How to remove rear window stainless trim

1971 - 1974 Mopars

  1. tommyg29

    tommyg29 Well-Known Member

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    If it rains I get the dreaded puddle in the trunk, and pretty sure its coming in under the bottom corner of the trim.
    Does it just pop off? And it is stainless isnt it?
    Thanks.
     
  2. 69roadr

    69roadr Well-Known Member

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    yes, it "pops" off. you need to get under the trim with a trim tool and gently pry on it. it is stainless steel too, so try not to kink it.
     
  3. Jeremiah

    Jeremiah Well-Known Member

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    Have some one lock you in the trunk and check for light coming in around the gasket. Sometimes you can push enough 3M weatherstripping adhesive in the affected areas to stop the leak.
     
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    • tommyg29

      tommyg29 Well-Known Member

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      Great idea.
      I forgot years ago I did that in my cuda, but that was a much smaller trunk!
      I had a leak in the same spot too.
       
    • 72Fourspeed

      72Fourspeed Well-Known Member

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      On some weatherstripping, you can cut a slit in it . Then slip some vacum hose in there to give it some shape. Works on old droopy stuff anyway.
       
    • Magnes

      Magnes Well-Known Member

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      Yeah that trim will unsnap from the trim clips. I use a L shaped pry bar. You want to make sure you only pry right at the clip (locating the clip can be tough since it's covered by the trim and you can't see it... You just have to feel it out). Go easy, find the clip, and pry the trim out. Don't go crazy prying on the edge of the glass, it doesn't take much to bust a tempered back glass if you get right on the edge of it. Stick the short side of the tool under the trim and easily pry back. You might have to wiggle from side to side, but again... EASY.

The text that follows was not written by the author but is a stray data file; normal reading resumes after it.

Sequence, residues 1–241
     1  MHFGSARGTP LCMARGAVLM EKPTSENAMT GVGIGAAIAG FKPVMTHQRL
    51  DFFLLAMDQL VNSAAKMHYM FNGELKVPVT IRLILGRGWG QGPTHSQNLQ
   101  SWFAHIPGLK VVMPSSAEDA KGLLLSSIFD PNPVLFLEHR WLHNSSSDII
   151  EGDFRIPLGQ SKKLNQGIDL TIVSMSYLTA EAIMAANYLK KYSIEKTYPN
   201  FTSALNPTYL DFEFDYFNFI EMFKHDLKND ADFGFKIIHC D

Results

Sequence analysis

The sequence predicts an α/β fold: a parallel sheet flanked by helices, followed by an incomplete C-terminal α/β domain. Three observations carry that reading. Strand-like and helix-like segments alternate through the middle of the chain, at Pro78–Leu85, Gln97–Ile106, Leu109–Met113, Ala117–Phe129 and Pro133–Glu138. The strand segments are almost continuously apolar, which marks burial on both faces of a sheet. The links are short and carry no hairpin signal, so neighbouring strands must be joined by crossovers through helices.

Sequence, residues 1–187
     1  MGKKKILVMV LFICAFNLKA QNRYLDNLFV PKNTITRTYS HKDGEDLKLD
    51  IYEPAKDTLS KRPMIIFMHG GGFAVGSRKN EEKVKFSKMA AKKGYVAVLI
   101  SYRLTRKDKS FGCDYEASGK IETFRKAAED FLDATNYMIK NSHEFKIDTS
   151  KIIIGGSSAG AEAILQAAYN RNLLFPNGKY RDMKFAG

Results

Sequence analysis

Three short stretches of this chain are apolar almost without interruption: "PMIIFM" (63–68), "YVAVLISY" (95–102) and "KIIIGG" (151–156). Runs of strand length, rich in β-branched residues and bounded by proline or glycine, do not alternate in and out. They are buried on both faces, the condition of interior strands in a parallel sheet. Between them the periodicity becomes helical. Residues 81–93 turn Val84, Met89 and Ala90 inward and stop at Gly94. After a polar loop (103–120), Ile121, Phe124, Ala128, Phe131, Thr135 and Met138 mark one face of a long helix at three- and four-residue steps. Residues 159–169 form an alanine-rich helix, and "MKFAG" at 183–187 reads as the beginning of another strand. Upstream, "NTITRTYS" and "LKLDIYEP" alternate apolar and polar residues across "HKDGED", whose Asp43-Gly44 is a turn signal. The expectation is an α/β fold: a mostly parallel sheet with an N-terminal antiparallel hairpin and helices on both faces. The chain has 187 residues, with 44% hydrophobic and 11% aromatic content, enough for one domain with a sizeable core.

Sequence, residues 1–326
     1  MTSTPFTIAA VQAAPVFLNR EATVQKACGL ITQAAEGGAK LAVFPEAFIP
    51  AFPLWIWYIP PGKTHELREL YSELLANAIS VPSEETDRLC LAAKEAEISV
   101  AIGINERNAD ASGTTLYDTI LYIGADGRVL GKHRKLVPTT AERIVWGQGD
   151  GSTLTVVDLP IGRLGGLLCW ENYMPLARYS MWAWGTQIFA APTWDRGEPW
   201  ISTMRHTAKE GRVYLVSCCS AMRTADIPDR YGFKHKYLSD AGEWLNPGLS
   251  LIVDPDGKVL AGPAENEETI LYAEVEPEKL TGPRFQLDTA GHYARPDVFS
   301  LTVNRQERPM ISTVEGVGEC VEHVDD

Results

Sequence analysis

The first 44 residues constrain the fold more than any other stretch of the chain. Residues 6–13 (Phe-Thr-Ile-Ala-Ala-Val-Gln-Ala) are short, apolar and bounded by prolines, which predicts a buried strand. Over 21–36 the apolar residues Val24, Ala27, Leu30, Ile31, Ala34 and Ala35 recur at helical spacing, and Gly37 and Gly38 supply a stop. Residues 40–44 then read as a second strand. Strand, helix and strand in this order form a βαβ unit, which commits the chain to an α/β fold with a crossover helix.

As far as your problem, lots of guys install the windshield and rear glass using butyl tape. That's a bad idea. When that stuff dries out (and it will) it's going to leak. I'm not saying that's what you have there but if it is, reinstalling the glass using urethane sealant (like what is used on modern cars) will solve the leaking problem for sure for years to come.

      I see WAY too many guys trying to stop leaks in the front and back of these old cars using anything from silicone to tub and tile caulk (LOL!). They just try to squirt it in the cracks. That's RARELY going to work and just going to make a mess. It's not hard to pop that trim off, cut the glass out, clean the pinch weld, clean the glass with new razorblades and lots of liquid lubrication. Then (recommended) call a glass company that does auto-glass to come by and run a nice bead of urethane and help you set the glass. It won't cost much. A lot less than a new trunk pan or damaged interior.

      You CAN buy the urethane sealant and do it yourself but that stuff likes to be warm when used and auto glass guys will have tubes warming in the truck. They know how to lay the bead right and NOT make a mess while still getting the bead at the right height so that when the glass is set, your trim will be in the right place.

      I did glass for over 20 years, just trying to help ya out and give you my $.02
       
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      • kiwigtx

        kiwigtx Crop Duster Staff Member FBBO Gold Member

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        Great advice for everyone here ^^^ :headbang:
         
      • Bobo

        Bobo Well-Known Member

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        my 65 coronet had a leak in the trunk it was the rear window gasket after spending $$$ remove the window new gasket it still leaks (nothing wrong with the one they cut up) i was afraid to let charlies auto glass touch it again i read how to stop the leak on line and used liquid butyl little can with a small finger pump ann stopped the leak my self so far so good when ever i let some one else do always goes south and i have had some $$$ costly mistakes done by local shops hope you can get it done the first time